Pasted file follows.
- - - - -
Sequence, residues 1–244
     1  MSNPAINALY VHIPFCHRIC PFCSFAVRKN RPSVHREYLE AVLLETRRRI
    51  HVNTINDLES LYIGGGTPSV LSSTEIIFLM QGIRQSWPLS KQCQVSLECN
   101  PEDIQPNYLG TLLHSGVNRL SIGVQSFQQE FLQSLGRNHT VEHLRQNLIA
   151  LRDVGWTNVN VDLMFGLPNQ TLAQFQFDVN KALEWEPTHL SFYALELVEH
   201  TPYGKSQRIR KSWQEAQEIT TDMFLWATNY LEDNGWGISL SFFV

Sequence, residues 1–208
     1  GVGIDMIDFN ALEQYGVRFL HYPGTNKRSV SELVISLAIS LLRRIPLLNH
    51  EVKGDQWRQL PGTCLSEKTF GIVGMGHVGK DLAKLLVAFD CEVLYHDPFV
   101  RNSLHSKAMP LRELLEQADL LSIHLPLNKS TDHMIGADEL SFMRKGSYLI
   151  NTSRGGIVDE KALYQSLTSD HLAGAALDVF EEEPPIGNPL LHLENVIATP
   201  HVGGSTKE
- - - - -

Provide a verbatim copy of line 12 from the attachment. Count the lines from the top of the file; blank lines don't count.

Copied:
   201  HVGGSTKE